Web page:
Fashion & Beauty

Pressure drops and flow patterns in sand-mixture pipes

The paper discusses a relation between the flow friction and the flow pattern in a pipe transporting a sand-water mixture. The study is based on the laboratory experiments that were carried out in a 150-mm pipe for flows of various sand fractions and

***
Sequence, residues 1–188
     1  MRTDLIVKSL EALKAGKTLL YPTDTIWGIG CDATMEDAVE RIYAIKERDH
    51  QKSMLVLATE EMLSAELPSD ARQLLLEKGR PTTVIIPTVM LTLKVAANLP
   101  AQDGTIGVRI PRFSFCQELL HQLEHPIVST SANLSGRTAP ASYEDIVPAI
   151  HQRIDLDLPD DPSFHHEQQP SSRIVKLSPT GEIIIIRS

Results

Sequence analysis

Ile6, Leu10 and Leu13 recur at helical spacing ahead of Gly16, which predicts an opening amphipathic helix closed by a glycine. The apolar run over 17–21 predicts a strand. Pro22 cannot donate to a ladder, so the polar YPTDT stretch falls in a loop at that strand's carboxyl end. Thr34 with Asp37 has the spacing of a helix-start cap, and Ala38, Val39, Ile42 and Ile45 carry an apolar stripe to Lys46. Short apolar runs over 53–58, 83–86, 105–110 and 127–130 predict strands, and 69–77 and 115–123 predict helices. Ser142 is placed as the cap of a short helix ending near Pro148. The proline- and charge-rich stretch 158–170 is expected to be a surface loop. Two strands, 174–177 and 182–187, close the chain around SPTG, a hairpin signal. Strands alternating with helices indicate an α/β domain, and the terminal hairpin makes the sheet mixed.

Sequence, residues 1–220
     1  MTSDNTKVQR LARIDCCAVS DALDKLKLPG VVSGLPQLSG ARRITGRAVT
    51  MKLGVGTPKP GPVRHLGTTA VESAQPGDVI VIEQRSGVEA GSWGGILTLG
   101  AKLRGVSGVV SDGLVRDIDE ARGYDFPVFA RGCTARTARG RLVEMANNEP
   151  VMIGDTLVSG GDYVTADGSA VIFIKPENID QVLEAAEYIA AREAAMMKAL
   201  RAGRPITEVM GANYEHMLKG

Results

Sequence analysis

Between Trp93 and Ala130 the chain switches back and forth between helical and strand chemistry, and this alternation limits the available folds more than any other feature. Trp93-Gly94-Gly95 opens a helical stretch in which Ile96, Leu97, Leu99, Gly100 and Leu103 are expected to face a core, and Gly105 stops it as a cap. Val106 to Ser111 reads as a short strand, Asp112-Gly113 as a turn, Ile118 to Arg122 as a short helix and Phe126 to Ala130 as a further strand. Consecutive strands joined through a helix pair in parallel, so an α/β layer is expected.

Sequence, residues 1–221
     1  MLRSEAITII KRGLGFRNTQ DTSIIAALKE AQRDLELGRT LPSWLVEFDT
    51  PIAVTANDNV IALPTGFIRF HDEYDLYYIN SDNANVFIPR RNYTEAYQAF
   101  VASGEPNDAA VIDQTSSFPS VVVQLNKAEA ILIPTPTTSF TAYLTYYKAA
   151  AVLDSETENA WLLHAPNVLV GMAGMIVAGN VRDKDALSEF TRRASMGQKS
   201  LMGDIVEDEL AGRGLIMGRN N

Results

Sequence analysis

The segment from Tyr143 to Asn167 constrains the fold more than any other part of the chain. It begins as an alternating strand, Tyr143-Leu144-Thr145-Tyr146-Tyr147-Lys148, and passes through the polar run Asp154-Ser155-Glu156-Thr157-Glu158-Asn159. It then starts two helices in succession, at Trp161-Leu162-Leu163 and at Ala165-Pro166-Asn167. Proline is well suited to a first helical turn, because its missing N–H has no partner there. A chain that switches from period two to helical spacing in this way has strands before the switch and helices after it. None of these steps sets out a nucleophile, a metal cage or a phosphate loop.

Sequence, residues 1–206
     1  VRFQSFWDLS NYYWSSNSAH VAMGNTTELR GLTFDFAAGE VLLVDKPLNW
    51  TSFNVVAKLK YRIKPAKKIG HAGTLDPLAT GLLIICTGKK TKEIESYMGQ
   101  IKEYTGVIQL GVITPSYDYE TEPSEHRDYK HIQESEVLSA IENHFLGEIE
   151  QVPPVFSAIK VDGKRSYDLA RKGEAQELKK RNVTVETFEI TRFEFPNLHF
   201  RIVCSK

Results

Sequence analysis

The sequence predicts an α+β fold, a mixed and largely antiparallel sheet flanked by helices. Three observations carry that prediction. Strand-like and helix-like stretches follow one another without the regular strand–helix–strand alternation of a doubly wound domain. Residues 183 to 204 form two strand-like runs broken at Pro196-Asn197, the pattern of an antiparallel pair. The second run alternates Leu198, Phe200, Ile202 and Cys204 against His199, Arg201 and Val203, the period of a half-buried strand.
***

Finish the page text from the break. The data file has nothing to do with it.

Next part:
of 10
All materials on our website are shared by users. If you have any questions about copyright issues, please report us to resolve them. We are always happy to assist you.
Related Documents